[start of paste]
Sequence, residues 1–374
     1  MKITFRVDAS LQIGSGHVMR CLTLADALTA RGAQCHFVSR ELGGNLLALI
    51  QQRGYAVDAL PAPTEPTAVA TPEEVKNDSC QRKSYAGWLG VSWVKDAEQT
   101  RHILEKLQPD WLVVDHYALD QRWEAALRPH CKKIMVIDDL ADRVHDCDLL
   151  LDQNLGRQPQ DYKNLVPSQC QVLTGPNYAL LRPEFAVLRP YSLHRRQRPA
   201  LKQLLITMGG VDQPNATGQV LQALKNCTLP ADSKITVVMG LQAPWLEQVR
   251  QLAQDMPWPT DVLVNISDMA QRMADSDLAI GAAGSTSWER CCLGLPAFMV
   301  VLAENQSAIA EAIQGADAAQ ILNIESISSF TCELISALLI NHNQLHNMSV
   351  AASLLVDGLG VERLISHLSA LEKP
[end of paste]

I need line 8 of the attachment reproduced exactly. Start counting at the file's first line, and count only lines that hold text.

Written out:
   301  VLAENQSAIA EAIQGADAAQ ILNIESISSF TCELISALLI NHNQLHNMSV